(Reuters Health) - Kids' math and reading skills when they start kindergarten can vary greatly based on their social and economic status, according to a new study.

“We knew economic circumstances have an impact on early child development, but it was surprising just how big the reading and math ability gaps really are between children in different socioeconomic status groups by kindergarten entry,” said lead author Kandyce Larson of the American Academy of Pediatrics in Elk Grove Village, Illinois.

Larson and her colleagues studied math and reading test scores for more than 6,000 U.S. kids entering kindergarten in 2006 or 2007.

The researchers used the kids’ household income, parental occupation and education to divide them into five socioeconomic groups.

Kids in the lowest socioeconomic group scored in an average 34th percentile on the reading test, compared to an average 67th percentile for kids in the highest socioeconomic group, according to results in Pediatrics.

Average math percentiles were 33 in the lowest socieconomic group, compared to 70 in the highest group.

Compared to kids in the higher socioeconomic bracket, those in the lowest tended to have younger mothers, lower average family reading scores, fewer books in the home, and were less likely to have rules about bedtime, food and chores.

These types of home-life factors explained about half of the differences in the kindergarteners' reading and math ability, the researchers write.

“Families with higher incomes are able to provide a cognitively stimulating environment for their children as they can purchase educational toys, books, and offer variety in the child’s life such as bringing them to museums, as well as purchasing better quality food which will also help their development,” said Orla Doyle, a lecturer in the school of economics at the University College Dublin Geary Institute for Public Policy.

“However, income is also a marker for underlying characteristics within the family,” said Doyle, who was not involved with the new study.

“Parents with higher incomes typically have more desirable (traits) such as higher IQ, motivation, persistence, and consciousness,” she told Reuters Health by email.

Almost all the parents in the highest socioeconomic group expected their four-year-old child to earn a college degree someday, while only 57 percent of parents in the lowest group expected the same.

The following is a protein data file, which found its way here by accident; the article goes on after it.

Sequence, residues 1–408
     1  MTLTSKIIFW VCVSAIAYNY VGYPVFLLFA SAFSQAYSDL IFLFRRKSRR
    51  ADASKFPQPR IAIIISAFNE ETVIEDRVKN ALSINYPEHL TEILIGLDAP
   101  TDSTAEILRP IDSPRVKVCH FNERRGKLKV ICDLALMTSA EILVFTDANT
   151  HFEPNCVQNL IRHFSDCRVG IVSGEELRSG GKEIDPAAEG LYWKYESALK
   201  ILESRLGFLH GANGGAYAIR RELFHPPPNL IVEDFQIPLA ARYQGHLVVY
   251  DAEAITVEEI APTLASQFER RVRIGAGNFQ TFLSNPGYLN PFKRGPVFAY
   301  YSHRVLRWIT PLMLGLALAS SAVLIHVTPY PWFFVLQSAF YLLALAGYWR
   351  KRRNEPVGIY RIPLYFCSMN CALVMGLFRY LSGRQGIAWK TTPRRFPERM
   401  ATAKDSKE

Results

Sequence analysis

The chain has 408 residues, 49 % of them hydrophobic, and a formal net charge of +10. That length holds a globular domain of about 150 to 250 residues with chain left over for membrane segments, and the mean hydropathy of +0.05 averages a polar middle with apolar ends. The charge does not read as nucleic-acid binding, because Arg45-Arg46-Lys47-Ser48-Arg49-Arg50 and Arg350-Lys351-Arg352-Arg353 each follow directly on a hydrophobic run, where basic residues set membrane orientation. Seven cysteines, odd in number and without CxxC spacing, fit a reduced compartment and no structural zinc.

Parents who plan to send their children to college may establish early routines and practices to reach that goal,

Larson said. She pointed out that access to high-quality preschools, books and home computers is not equal across the socioeconomic spectrum. Neither is knowledge about the importance of early reading.

“The good news," Larson wrote in an email, is that modifiable factors, like parent reading and preschool attendance, may improve children's outcomes. The first five years of life are a critical period for brain development, she said.

“Studies show that cognitive functioning at school entry predicts future educational attainment and health and well-being into adulthood,” Larson said. “This is why it is so important that we intervene early to optimize developmental capacity for all children.”

Interventions targeted at improving the home environment for low socioeconomic families, starting as early as pregnancy, have been effective, Doyle said.

“Home visiting programs target low socioeconomic families and provide regular home visits delivered by trained professionals, and aim to educate parents about child development and promote positive parenting skills,” she said.

Larson cautioned that several other factors may also contribute to the gap in cognitive ability, but were not measured in this study.

For example, she said, low-income parents may experience obstacles, such as inflexible work schedules that interfere with family routines and participation in childhood programs.

They also did not have information on parental intellectual ability, she noted.

By Kathryn Doyle

SOURCE: http://bit.ly/1sV742p Pediatrics, online January 19, 2015.